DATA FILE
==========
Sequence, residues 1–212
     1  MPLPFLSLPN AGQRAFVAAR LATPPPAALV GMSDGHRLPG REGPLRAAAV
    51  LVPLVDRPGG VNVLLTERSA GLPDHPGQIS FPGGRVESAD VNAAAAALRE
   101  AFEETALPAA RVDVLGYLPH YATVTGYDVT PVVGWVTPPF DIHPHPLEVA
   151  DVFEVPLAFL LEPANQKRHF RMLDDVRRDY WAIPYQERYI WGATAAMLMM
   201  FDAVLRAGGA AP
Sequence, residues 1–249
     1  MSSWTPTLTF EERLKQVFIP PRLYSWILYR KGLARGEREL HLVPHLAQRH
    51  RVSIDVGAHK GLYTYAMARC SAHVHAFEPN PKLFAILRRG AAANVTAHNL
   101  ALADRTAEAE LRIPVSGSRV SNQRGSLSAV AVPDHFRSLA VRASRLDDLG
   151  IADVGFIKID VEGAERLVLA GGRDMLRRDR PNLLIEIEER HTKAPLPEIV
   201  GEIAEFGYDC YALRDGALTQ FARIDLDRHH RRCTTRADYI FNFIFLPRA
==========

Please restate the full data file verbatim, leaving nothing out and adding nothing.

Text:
Sequence, residues 1–212
     1  MPLPFLSLPN AGQRAFVAAR LATPPPAALV GMSDGHRLPG REGPLRAAAV
    51  LVPLVDRPGG VNVLLTERSA GLPDHPGQIS FPGGRVESAD VNAAAAALRE
   101  AFEETALPAA RVDVLGYLPH YATVTGYDVT PVVGWVTPPF DIHPHPLEVA
   151  DVFEVPLAFL LEPANQKRHF RMLDDVRRDY WAIPYQERYI WGATAAMLMM
   201  FDAVLRAGGA AP
Sequence, residues 1–249
     1  MSSWTPTLTF EERLKQVFIP PRLYSWILYR KGLARGEREL HLVPHLAQRH
    51  RVSIDVGAHK GLYTYAMARC SAHVHAFEPN PKLFAILRRG AAANVTAHNL
   101  ALADRTAEAE LRIPVSGSRV SNQRGSLSAV AVPDHFRSLA VRASRLDDLG
   151  IADVGFIKID VEGAERLVLA GGRDMLRRDR PNLLIEIEER HTKAPLPEIV
   201  GEIAEFGYDC YALRDGALTQ FARIDLDRHH RRCTTRADYI FNFIFLPRA